The Alabama State Board of Education has approved changes to the Common Core State Standards. The state board voted 5-2 to alter the standards on Jan. 17, according to a statement released by the state education department.
First, one announced “change” wasn’t actually a change at all, but rather a deletion of a suggested reading list accompanying the English/language arts standards that has been controversial for some time. Florida and Georgia are two states that have tossed aside this list of reading exemplars (Appendix B to the ELA standards) after some pushback about some of the books on the list.
So what are the other supposed revisions to the standards? One is in ELA, where “standards that require repetition across grades for expanded application were added to the narrative,” according to the release. What does that mean? When I chatted with the Alabama department’s Cindy Freeman (the state’s coordinator for implementing the standards) about what that means, she said this simply means that for standards that don’t just occur in one grade level, the state will clarify this for teachers. This includes things like grammar and punctuation, she said. So again, not really an alteration to the common core, just a further explanation for teachers about how they’re supposed to work.
What about in math? Freeman said that the state board decided Jan. 17 to assign some math concepts to Alabama schools’ specific topical courses, something she noted common core doesn’t explicitly do. For example, she said that the study of matrices was moved from Algebra II to precalculus by the state board, after consulting with both teachers and curriculum coordinators who have worked with the standards.
Back in 2010 when the board first adopted the common core, she noted, the state did add on some standards of their own that she said would work best in the state’s schools. But Freeman did say, “K-8 is the common core. We did not add any Alabama content there.” (Officially, the state calls them the Alabama College and Career Ready Standards.)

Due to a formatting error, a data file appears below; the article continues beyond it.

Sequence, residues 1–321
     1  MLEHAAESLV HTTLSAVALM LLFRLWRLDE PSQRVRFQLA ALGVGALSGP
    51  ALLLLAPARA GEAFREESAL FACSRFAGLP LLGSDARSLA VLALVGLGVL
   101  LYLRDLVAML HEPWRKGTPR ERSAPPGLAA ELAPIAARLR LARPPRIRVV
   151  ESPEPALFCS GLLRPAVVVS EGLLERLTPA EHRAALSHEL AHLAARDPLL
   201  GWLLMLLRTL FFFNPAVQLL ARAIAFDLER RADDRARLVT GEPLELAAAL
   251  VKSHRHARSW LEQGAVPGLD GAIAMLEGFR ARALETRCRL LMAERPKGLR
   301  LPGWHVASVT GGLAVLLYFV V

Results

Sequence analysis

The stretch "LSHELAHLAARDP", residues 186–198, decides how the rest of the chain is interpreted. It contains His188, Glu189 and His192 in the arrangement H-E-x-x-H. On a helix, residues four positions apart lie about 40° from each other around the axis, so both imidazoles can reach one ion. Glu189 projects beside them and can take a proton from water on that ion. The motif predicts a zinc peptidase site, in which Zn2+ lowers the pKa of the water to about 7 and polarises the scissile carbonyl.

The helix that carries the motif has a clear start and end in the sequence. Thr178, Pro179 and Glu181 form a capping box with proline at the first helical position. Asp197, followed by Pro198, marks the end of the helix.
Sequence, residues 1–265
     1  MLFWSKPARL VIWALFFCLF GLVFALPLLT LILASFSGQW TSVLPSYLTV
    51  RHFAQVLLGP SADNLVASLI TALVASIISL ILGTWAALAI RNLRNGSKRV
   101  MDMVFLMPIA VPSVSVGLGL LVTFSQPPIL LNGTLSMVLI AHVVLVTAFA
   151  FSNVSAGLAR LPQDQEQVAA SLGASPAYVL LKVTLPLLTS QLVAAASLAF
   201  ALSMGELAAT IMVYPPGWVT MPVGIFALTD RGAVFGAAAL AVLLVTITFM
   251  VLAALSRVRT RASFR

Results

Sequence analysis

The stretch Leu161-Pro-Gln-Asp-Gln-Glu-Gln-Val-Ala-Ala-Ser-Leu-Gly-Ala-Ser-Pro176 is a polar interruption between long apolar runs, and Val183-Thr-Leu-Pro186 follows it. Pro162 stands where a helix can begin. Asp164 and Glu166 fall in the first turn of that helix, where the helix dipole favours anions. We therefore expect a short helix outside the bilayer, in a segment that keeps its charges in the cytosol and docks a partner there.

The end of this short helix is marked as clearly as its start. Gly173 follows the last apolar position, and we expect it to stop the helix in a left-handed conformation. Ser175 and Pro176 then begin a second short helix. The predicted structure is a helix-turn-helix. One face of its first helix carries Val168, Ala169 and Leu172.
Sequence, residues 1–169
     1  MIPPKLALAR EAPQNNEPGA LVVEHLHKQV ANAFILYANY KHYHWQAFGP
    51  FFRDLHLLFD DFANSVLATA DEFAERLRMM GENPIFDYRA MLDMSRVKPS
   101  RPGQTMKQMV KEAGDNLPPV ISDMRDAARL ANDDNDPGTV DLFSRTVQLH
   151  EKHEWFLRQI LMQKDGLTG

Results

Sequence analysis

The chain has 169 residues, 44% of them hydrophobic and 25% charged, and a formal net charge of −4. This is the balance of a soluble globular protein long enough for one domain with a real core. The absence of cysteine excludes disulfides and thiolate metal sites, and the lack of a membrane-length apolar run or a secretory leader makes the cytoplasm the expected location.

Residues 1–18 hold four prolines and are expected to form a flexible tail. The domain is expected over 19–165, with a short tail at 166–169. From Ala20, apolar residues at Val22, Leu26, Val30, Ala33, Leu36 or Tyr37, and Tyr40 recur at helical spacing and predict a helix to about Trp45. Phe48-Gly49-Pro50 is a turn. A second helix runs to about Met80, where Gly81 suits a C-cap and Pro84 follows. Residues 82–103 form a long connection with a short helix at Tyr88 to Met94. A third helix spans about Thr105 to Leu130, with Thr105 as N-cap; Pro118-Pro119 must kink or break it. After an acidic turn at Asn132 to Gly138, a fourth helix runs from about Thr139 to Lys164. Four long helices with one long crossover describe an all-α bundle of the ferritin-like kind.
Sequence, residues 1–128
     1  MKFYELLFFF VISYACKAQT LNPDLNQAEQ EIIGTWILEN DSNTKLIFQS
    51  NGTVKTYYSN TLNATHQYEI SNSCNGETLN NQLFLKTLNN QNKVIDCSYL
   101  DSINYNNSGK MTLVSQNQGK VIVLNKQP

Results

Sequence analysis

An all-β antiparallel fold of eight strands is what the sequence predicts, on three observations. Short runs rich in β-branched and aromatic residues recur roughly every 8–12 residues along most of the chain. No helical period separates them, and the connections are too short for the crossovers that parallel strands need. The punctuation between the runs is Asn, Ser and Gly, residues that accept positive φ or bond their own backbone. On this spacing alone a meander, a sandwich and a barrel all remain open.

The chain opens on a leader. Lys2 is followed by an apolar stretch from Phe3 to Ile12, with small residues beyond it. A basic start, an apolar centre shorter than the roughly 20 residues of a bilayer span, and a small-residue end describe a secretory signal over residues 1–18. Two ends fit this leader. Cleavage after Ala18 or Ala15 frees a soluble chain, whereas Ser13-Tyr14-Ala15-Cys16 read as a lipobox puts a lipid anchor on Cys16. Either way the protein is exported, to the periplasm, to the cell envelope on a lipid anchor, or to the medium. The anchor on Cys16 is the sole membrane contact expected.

I asked Freeman if anyone from the Council of Chief State School Officers or the National Governors Association (the two groups that oversaw the common core’s development) or any other organization had contacted the department with concerns about the changes the state board just approved. She said no.
“We didn’t have to ask anybody if we could do this,” Freeman said.
These moves by the state board were at the center of a testy exchange before the vote between state Superintendent Tommy Bice and a board member, Stephanie Bell, who’s been critical of the standards, as reporter Evan Belanger wrote. Remember, late last year Alabama rescinded a previous memorandum the state had regarding the standards’ development (the move didn’t impact the state’s actual adoption of the standards), and in 2013 there was also a notable push among some in the state legislature to drop the common core.
Earlier this month, my colleague Catherine Gewertz over at Curriculum Matters wrote about changes the Florida state board is considering to how the standards will work in that state.
A version of this news article first appeared in the State EdWatch blog.